We worried, too, about emerging inequities. From Milwaukee to Montclair, N.J., the cards in this complicated new game of choice are heavily stacked in favor of better-educated parents. In statewide schemes especially, choice effectively excludes most parents unable to drive their children to school, since most states and districts have shied from the expense of offering much transportation help. Not surprisingly, then, we found that fewer than 2 percent of pupils in the 13 states with choice systems are participating.
Even more alarming is the ruinous competition we discovered in states where choice pits poor districts against neighboring ones with higher per-pupil spending and smaller class sizes. Districts like Exira, Iowa; Gloucester and Hopkinton, Mass.; Motley, Minn.; and Batesville, Ark., are among some of the early casualties that have lost students and state aid to better-off neighbors.
The depressed city of Brockton, Mass., for example, has lost several hundred students, and hundreds of thousands of dollars in state aid, to its suburban neighbor, Avon. It's not hard to see why: Avon spends more than $10,000 per high school pupil, more than double what Brockton spends. What's happening here, and in similar situations elsewhere, has absolutely nothing to do with school reform. A lucky few students may benefit. But it is simply perverse to suggest that transferring state funds from Brockton to its better-off neighbor will somehow motivate the poorer district to improve.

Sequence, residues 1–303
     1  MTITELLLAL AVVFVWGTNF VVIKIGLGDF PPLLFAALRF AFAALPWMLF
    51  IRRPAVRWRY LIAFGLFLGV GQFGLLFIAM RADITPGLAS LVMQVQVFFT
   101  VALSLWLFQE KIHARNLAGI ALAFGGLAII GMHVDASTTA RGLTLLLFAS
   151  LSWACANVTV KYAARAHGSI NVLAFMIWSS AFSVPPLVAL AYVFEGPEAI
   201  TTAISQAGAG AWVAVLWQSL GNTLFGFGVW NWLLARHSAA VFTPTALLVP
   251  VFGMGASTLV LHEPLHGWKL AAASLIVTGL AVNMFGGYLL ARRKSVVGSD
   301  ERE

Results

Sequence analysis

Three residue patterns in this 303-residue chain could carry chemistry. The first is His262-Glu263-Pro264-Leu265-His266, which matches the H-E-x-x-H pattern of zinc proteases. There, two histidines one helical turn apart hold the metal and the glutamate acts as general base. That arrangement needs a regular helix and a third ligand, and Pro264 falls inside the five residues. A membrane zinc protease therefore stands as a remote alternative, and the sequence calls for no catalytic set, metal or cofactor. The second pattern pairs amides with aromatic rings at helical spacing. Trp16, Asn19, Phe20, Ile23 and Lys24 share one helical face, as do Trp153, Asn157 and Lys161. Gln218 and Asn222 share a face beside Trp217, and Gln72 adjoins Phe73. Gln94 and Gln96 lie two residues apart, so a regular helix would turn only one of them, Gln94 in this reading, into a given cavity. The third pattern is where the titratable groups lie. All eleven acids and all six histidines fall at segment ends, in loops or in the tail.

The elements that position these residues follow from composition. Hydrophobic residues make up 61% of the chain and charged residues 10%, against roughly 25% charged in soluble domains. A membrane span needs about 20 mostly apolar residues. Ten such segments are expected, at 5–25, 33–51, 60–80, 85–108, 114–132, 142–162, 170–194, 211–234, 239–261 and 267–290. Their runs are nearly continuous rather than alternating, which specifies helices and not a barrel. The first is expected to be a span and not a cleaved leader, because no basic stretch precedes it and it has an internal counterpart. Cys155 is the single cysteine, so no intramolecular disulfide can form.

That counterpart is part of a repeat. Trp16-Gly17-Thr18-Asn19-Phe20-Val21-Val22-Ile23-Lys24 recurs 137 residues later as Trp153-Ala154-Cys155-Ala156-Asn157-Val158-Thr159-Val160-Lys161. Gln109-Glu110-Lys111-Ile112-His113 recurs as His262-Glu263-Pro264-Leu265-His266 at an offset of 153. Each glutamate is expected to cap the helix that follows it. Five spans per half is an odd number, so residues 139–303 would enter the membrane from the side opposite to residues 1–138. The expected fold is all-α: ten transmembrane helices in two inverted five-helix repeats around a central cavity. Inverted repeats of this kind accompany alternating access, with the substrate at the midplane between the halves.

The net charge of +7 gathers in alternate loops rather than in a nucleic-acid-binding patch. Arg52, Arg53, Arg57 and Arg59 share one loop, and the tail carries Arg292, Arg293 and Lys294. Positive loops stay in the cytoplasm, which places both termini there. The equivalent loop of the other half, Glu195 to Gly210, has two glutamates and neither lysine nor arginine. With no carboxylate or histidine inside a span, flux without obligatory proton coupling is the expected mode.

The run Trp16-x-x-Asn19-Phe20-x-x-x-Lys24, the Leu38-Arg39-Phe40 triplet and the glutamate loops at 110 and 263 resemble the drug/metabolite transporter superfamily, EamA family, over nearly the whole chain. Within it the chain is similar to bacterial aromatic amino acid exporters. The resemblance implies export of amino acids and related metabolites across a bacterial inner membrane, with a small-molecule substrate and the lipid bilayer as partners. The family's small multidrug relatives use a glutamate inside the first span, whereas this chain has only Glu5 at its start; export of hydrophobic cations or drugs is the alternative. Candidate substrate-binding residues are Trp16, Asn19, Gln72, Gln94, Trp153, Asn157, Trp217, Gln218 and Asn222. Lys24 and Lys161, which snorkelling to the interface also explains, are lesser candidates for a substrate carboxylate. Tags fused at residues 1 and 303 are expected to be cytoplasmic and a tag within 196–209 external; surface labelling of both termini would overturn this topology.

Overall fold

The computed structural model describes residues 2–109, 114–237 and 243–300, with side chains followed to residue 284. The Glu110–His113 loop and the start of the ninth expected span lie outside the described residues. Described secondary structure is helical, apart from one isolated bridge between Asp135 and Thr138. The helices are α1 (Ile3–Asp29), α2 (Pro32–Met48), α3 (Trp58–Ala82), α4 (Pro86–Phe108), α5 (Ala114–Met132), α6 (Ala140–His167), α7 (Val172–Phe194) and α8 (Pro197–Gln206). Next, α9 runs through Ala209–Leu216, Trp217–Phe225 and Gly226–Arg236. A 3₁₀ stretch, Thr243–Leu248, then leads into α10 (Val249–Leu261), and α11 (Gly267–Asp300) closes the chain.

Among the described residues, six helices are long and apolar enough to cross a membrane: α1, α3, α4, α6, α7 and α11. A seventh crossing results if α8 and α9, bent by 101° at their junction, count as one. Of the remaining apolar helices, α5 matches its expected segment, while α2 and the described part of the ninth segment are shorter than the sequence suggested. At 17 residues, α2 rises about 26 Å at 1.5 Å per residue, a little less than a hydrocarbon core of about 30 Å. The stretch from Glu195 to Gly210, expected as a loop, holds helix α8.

Carnegie's revelations of the complications, limitations, and hazards of choice programs now in place did not, in any way, argue against the merits of giving parents and students more options. Happily, most reviewers grasped that distinction. Choice's most zealous champions, however, promptly accused Carnegie of trying to "build a case against choice.'' One writer, for example, went so far as to accuse our report of "mushing together ... paper-tiger state mandates,'' "genuine community choice movements,'' and "embryonic voucher programs,'' calling them all "choice,'' and then "pontificating'' that the results are mixed. Carnegie's sin, from that viewpoint, was to study choice as it operates in the real world, rather than as its proponents believe it might in some imaginary setting free of such inconveniences as politics, the U.S. Constitution, teacher unions, state education laws, federal laws protecting those with disabilities, and school-funding inequities.
Still, our findings might be vulnerable to a more serious challenge. Is it possible that the problems we described are fleeting--the product, perhaps, of a sour economic climate, or the short duration of these choice programs?